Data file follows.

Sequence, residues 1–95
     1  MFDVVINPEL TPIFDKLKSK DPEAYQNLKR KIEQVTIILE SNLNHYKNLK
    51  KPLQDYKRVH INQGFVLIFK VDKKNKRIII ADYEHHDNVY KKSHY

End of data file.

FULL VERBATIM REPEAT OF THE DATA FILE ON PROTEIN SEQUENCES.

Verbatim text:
Sequence, residues 1–95
     1  MFDVVINPEL TPIFDKLKSK DPEAYQNLKR KIEQVTIILE SNLNHYKNLK
    51  KPLQDYKRVH INQGFVLIFK VDKKNKRIII ADYEHHDNVY KKSHY